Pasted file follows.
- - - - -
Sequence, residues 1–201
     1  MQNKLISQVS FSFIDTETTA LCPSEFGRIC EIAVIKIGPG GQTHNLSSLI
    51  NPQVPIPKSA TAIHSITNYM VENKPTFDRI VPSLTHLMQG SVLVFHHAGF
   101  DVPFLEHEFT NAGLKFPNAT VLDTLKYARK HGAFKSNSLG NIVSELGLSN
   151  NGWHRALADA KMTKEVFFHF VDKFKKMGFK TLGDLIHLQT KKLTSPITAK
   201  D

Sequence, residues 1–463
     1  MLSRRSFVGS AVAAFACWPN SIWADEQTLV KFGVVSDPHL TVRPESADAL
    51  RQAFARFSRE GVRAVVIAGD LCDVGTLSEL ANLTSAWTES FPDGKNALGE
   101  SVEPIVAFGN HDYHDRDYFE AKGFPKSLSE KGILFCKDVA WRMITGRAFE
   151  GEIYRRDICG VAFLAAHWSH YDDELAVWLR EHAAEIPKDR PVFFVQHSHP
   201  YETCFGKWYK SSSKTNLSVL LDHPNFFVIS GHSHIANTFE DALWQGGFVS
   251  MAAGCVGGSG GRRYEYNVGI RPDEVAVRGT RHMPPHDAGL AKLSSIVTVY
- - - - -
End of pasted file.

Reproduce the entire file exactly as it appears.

Sequence, residues 1–201
     1  MQNKLISQVS FSFIDTETTA LCPSEFGRIC EIAVIKIGPG GQTHNLSSLI
    51  NPQVPIPKSA TAIHSITNYM VENKPTFDRI VPSLTHLMQG SVLVFHHAGF
   101  DVPFLEHEFT NAGLKFPNAT VLDTLKYARK HGAFKSNSLG NIVSELGLSN
   151  NGWHRALADA KMTKEVFFHF VDKFKKMGFK TLGDLIHLQT KKLTSPITAK
   201  D

Sequence, residues 1–463
     1  MLSRRSFVGS AVAAFACWPN SIWADEQTLV KFGVVSDPHL TVRPESADAL
    51  RQAFARFSRE GVRAVVIAGD LCDVGTLSEL ANLTSAWTES FPDGKNALGE
   101  SVEPIVAFGN HDYHDRDYFE AKGFPKSLSE KGILFCKDVA WRMITGRAFE
   151  GEIYRRDICG VAFLAAHWSH YDDELAVWLR EHAAEIPKDR PVFFVQHSHP
   201  YETCFGKWYK SSSKTNLSVL LDHPNFFVIS GHSHIANTFE DALWQGGFVS
   251  MAAGCVGGSG GRRYEYNVGI RPDEVAVRGT RHMPPHDAGL AKLSSIVTVY